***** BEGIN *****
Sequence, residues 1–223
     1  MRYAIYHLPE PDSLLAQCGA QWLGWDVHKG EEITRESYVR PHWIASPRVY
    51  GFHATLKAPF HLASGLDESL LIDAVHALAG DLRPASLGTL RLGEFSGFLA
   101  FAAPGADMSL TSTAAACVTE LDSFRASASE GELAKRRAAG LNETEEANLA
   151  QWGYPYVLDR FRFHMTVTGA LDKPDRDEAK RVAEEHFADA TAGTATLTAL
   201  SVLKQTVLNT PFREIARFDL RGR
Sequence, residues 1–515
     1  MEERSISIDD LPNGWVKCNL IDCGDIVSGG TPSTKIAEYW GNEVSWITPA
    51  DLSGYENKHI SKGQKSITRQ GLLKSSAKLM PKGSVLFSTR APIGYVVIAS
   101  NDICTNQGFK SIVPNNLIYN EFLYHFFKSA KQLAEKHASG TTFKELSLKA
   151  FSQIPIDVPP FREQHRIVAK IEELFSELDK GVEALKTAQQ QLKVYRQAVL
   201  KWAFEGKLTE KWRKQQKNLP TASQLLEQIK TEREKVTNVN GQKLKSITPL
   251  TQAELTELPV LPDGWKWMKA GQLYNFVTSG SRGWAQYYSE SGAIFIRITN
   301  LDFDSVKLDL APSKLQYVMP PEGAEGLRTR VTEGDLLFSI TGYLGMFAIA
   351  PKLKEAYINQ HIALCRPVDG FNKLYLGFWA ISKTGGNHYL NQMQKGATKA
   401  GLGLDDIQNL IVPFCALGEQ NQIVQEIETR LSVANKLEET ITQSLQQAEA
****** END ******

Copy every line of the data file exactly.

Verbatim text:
Sequence, residues 1–223
     1  MRYAIYHLPE PDSLLAQCGA QWLGWDVHKG EEITRESYVR PHWIASPRVY
    51  GFHATLKAPF HLASGLDESL LIDAVHALAG DLRPASLGTL RLGEFSGFLA
   101  FAAPGADMSL TSTAAACVTE LDSFRASASE GELAKRRAAG LNETEEANLA
   151  QWGYPYVLDR FRFHMTVTGA LDKPDRDEAK RVAEEHFADA TAGTATLTAL
   201  SVLKQTVLNT PFREIARFDL RGR
Sequence, residues 1–515
     1  MEERSISIDD LPNGWVKCNL IDCGDIVSGG TPSTKIAEYW GNEVSWITPA
    51  DLSGYENKHI SKGQKSITRQ GLLKSSAKLM PKGSVLFSTR APIGYVVIAS
   101  NDICTNQGFK SIVPNNLIYN EFLYHFFKSA KQLAEKHASG TTFKELSLKA
   151  FSQIPIDVPP FREQHRIVAK IEELFSELDK GVEALKTAQQ QLKVYRQAVL
   201  KWAFEGKLTE KWRKQQKNLP TASQLLEQIK TEREKVTNVN GQKLKSITPL
   251  TQAELTELPV LPDGWKWMKA GQLYNFVTSG SRGWAQYYSE SGAIFIRITN
   301  LDFDSVKLDL APSKLQYVMP PEGAEGLRTR VTEGDLLFSI TGYLGMFAIA
   351  PKLKEAYINQ HIALCRPVDG FNKLYLGFWA ISKTGGNHYL NQMQKGATKA
   401  GLGLDDIQNL IVPFCALGEQ NQIVQEIETR LSVANKLEET ITQSLQQAEA